May 08, 2009
I’ve just returned from London to find that my piece on Sonia Sotomayor has provoked an energetic response in the blogosphere. Many people have mischaracterized my argument, and I can understand why. The headline--“The Case Against Sotomayor”--promised something much stronger than I intended to deliver. As soon as the piece was published, I regretted the headline, which I hadn’t seen in advance. The piece was not meant to be a definitive “case against” Judge Sotomayor’s candidacy.
WASHINGTON -- The coming battle over President Obama's first Supreme Court nomination could be an enlightening debate over what direction the court should take. It could also be a nasty and hypocritical fight that obscures more issues than it clarifies. Which will it be?When George W. Bush was president, Senate Republicans who are now proposing to raise an ideological ruckus said that Democrats were wrong to use judicial philosophy as a benchmark for confirming a nominee.
Professors Akerlof and Shiller, in their letter about my review of their book, attribute to me (by implication) views quite different from what I hold. Perhaps I didn’t explain myself clearly enough in my review.
Everybody Loves Arne
Education Secretary Arne Duncan is a bona fide celebrity--at least as far as Cabinet members go. He made Rolling Stone's "100 People Who Are Changing America" list, and he's Katie Couric's date to the White House Correspondents' Dinner this Saturday. He recently introduced Neko Case at D.C.'s popular 9:30 Club, and he's appeared on almost every major TV network promoting education reform. People can't seem to get enough of the former pro-basketball player and CEO of Chicago Public Schools.
Loyalty To Obama
Here in Massachusetts, support for Governor Patrick is seen as an expression of loyalty to President Obama. (Patrick campaigned widely for the Obama in the 2008 campaign.) But the fact is that Patrick has been a flop from the moment he entered the State House. Then it was mostly symbolics. Since then, it has been real politics. Over gambling, over highways and by-ways, over budgets and over a series of sleazy appointments to offices that have not been filled for years and have no function.
My Stress Test Ambivalence
It's hard not to be a little mystified by the long-awaited stress-test results. A few weeks ago we worried that several big banks might be insolvent; yesterday the government told us that the 19 stress-tested banks collectively need a meager $75 billion (a substantial portion of which they can generate simply by converting the preferred shares the government currently owns to common stock). One struggles to make sense of it. But if you actually read the government's stress-test report, you come away thinking the numbers are defensible.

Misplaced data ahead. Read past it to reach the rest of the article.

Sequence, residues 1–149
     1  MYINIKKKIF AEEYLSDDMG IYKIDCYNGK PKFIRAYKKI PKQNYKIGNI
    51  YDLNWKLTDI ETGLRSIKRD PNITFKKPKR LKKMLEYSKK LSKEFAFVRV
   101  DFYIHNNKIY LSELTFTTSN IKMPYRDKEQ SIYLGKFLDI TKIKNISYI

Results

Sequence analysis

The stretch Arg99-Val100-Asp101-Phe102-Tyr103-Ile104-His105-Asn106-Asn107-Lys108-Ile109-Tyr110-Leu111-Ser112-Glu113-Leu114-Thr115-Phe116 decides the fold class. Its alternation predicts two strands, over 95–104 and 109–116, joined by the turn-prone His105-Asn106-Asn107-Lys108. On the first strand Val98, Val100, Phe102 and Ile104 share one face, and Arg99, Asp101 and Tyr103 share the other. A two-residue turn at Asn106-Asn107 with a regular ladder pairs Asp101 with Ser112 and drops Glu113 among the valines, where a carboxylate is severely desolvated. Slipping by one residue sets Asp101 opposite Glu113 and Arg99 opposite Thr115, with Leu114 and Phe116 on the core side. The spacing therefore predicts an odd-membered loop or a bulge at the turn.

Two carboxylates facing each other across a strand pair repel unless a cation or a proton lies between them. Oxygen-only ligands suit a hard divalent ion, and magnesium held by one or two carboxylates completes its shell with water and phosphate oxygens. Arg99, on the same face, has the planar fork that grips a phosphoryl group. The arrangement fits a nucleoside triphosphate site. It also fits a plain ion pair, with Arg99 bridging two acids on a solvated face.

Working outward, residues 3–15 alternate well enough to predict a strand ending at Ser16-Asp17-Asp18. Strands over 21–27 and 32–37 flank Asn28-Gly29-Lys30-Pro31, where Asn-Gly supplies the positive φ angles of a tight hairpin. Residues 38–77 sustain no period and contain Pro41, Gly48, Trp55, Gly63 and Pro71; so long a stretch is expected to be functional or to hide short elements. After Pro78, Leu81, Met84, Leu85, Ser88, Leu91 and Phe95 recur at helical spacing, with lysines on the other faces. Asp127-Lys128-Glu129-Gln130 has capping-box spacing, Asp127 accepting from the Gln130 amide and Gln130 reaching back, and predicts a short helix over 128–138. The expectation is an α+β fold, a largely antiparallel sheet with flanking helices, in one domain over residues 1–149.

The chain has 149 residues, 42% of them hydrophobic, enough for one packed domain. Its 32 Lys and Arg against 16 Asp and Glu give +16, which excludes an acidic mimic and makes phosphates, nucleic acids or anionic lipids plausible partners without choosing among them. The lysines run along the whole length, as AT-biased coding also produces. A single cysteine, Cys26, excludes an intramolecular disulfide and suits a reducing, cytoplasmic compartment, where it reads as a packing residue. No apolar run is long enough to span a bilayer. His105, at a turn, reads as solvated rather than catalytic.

May 07, 2009
WASHINGTON--You have heard the expression "more Catholic than the pope." We now know that the reaction of right-wing Catholics to Notre Dame's invitation to President Obama falls into this category. To the dismay of many conservatives, the Vatican's own newspaper, L'Osservatore Romano, has offered what one anti-abortion Catholic blog called "a surprisingly positive assessment of the new president's approach to life issues"--so positive, in fact, that a spokesman for the National Right to Life Committee was moved to criticize Pope Benedict XVI's daily. The Vatican newspaper offered its anal
So Many Secrets
At a press conference last week, President Obama announced that his administration intends to engage in an “overarching reform” of the state secrets privilege, a legal tool exploited during the Bush era to shut down lawsuits that challenged warrantless wiretapping, extraordinary rendition, and other unlawful government practices. This was a welcome announcement from the president, but also a puzzling one.
My colleague Richard Just presents a provocative case not only for why President Obama should appoint an openly gay Supreme Court Justice, but also how such a move would be a political point-scorer for Democrats. I respect Richard's argument and agree that an openly-gay appointee would do wonders for the visibility of gay people in America. But I want to use the opportunity to make a broader, related point.
Understanding Jeff Sessions
I'm trying to figure out what exactly Jeff Sessions meant when he said he could support a Supreme Court justice who had "gay tendencies." Clearly he is making a concession of sorts. But precisely what he is conceding is not clear. Here is Sessions' exact formulation: "I don't think a person who acknowledges that they have gay tendencies is disqualified per se for the job.” It's as if Sessions wandered into his answer intending at first to say that a justice's sexual orientation shouldn't matter, but then thought better of it and tried to walk back the sentiment in mid-sentence.